Team Eugene (and Salt Lake City) pose for a group shot



The final pitch to the overlook


At the viewpoint we laid around and ate lunch, with some folks even pulling cell phones to call friends and family back home to brag about the view and amazing spring weather -- apparently there was really good cell service. This was also the point in the ride where the group would part ways. I asked around to see if anyone else would be heading down with Coonabomber and me. Davey bit when I told him I was planning on heading to Arches National Park for some hiking to check out Delicate Arch, one of the most iconic rock formations in the world. After Emily did the round of goodbye hugs, we headed off down the Amasa Back.


Jackson Hole - Ain't she purty



Randy gets in some yoga stretches



Sandra and Tait relaxing at the overlook



Coonabomber loves snack time!


I had asked Emily and Davey if they'd mind if I jumped out ahead from time to time to take pictures at key parts of the ride; both graciously agreed, so I saddled up my steed and tore down the trail to setup. Along the way I was reminded why this was one of my favorite trails from our last Moab/Fruita trip just three years prior. The rock features are some of the best I’ve had the pleasure to ride, with each drop having multiple line options to choose from -- you could make it about as hard or easy as you want, at least relatively speaking. As we continued our descent, leapfrogging our way down, I was grinning ear to ear. About 3/4 of the way down I came off a 2' drop and burped my front tire and flew over the bars, slamming onto the sandstone floor. Although I wasn't injured it did knock a bit of wind out of my lungs and took a layer of skin off a portion of my shoulder, elbow, and back. As I stood up to walk it off and brush the dirt away, Davey and Emily came rolling up and asked if I was okay: "A little winded, but good to go!"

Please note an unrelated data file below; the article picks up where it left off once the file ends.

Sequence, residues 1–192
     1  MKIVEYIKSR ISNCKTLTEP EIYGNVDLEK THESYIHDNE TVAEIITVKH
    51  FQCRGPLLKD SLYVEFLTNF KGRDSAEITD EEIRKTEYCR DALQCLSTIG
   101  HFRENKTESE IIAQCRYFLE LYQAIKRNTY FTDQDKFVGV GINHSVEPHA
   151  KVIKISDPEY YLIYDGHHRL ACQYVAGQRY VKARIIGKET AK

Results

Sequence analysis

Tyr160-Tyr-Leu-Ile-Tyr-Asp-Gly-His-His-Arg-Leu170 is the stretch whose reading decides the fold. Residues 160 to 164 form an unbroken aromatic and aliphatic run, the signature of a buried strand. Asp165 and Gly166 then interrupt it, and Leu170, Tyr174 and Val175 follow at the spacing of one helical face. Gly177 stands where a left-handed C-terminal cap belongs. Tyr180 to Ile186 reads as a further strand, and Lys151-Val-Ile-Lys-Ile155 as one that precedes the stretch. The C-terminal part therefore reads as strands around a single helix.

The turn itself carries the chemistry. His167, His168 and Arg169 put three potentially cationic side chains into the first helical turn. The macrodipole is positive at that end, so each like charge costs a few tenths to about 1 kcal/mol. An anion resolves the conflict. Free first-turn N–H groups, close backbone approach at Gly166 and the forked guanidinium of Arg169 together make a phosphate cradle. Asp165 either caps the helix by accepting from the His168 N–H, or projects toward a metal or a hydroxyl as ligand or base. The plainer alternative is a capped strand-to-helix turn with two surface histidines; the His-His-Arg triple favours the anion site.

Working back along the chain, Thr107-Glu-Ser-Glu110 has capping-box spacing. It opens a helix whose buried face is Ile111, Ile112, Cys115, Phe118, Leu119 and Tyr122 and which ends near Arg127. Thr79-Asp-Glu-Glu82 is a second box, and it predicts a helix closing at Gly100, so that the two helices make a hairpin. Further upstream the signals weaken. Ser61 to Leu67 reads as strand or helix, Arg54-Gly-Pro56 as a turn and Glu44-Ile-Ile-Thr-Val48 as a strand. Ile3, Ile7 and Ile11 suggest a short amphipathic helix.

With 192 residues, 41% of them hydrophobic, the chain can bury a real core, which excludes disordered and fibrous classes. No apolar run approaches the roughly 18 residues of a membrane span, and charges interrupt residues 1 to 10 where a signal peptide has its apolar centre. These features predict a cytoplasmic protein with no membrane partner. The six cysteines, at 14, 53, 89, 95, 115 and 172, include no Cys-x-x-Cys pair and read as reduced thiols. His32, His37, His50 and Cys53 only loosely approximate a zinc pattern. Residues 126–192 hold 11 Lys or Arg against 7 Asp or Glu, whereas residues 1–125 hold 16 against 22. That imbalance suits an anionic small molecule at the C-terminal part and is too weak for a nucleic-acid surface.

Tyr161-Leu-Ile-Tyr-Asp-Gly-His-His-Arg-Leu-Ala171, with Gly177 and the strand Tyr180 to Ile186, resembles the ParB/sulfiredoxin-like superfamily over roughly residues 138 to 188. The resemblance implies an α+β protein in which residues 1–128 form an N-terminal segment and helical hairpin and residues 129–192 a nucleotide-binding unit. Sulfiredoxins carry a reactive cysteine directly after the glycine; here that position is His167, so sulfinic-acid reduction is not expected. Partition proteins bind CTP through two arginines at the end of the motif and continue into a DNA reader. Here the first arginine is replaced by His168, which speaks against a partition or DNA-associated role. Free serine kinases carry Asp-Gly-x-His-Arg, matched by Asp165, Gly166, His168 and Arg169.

Davey drops a fun rock step



Followed shortly by Emily



Now the real fun begins!



Davey finds some rocks to ride down



Emily at the same ledge



More rock sidewalk



Davey leading the charge



Coonabomber picks her line


After a short rest we continued down with one or two more photo stops before I decided it was time to put the camera away and bomb the trail with the other two, finishing the last stretch of trail in good fashion. Back at the car we could see what appeared to be a parachute dropping into the gully at the edge of the parking lot. I was a little confused by this until I noticed the base-jumping that was going on off some nearby cliffs. I quickly broke out my camera and was able to flip off a couple shots of the next jumper in mid-air – way cool!


Too much fun!



Emily rounds one of the final corners of the ride



Finishing up the ride, which came all too soon...



Look carefully and you'll see the base-jumper in mid-flight



Here too



The base-jumper under canopy over our parking lot


After we were done watching the show, Davey and I said our goodbyes to Emily (sadly), and then headed off to Arches for some sightseeing. Basically I had two locations in mind, Landscape Arch and Delicate Arch. As we drove through the park, I was distracted by all the cool rock formations along the way (e.g. Balanced Rock, Tower of Babel, etc.), which killed quite a bit of time. In the end, I had to decide between the hike in to one of the two arches, and of course I chose Delicate. It ended up being well worth the trip to Arches, and here are some photos to prove it!


Tower of Babel



A pano of the rock formations and the La Sal range



One of The Windows



More crazy rocks and arches



Balanced Rock



A small (relatively speaking) arch on the hike into Delicate Arch



The iconic Delicate Arch



Another view of Delicate Arch


After our hike we headed back to camp where we met up with the rest of the crew for dinner, drinks, and another relaxing social circle around the fire.


A nice sunset lights up the cliff walls near our camp



Another round of chillaxin'


And, just in case you missed 'em:
Moab Part 1 - The Moab Brand Trails
Moab Part 2 - The Klondike Bluffs (Baby Steps)
Moab Part 3 - The Magnificent Seven